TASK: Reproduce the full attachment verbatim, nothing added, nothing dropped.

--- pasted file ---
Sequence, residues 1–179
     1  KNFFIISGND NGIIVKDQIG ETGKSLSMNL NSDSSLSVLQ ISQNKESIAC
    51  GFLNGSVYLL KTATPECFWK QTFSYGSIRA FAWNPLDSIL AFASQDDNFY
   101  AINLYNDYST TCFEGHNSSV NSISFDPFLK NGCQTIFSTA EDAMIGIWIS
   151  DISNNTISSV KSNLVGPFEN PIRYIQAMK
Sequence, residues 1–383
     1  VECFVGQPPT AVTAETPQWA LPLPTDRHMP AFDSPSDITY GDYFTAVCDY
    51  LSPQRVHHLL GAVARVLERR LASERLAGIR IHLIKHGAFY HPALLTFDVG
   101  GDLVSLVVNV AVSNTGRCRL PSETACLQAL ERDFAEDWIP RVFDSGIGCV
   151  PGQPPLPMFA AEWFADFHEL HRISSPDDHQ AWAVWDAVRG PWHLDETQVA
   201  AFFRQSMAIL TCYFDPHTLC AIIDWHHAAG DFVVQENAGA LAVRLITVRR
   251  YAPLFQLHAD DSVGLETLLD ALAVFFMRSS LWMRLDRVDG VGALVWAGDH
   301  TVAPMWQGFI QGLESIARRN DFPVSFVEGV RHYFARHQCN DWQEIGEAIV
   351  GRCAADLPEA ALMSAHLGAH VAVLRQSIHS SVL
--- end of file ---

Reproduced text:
Sequence, residues 1–179
     1  KNFFIISGND NGIIVKDQIG ETGKSLSMNL NSDSSLSVLQ ISQNKESIAC
    51  GFLNGSVYLL KTATPECFWK QTFSYGSIRA FAWNPLDSIL AFASQDDNFY
   101  AINLYNDYST TCFEGHNSSV NSISFDPFLK NGCQTIFSTA EDAMIGIWIS
   151  DISNNTISSV KSNLVGPFEN PIRYIQAMK
Sequence, residues 1–383
     1  VECFVGQPPT AVTAETPQWA LPLPTDRHMP AFDSPSDITY GDYFTAVCDY
    51  LSPQRVHHLL GAVARVLERR LASERLAGIR IHLIKHGAFY HPALLTFDVG
   101  GDLVSLVVNV AVSNTGRCRL PSETACLQAL ERDFAEDWIP RVFDSGIGCV
   151  PGQPPLPMFA AEWFADFHEL HRISSPDDHQ AWAVWDAVRG PWHLDETQVA
   201  AFFRQSMAIL TCYFDPHTLC AIIDWHHAAG DFVVQENAGA LAVRLITVRR
   251  YAPLFQLHAD DSVGLETLLD ALAVFFMRSS LWMRLDRVDG VGALVWAGDH
   301  TVAPMWQGFI QGLESIARRN DFPVSFVEGV RHYFARHQCN DWQEIGEAIV
   351  GRCAADLPEA ALMSAHLGAH VAVLRQSIHS SVL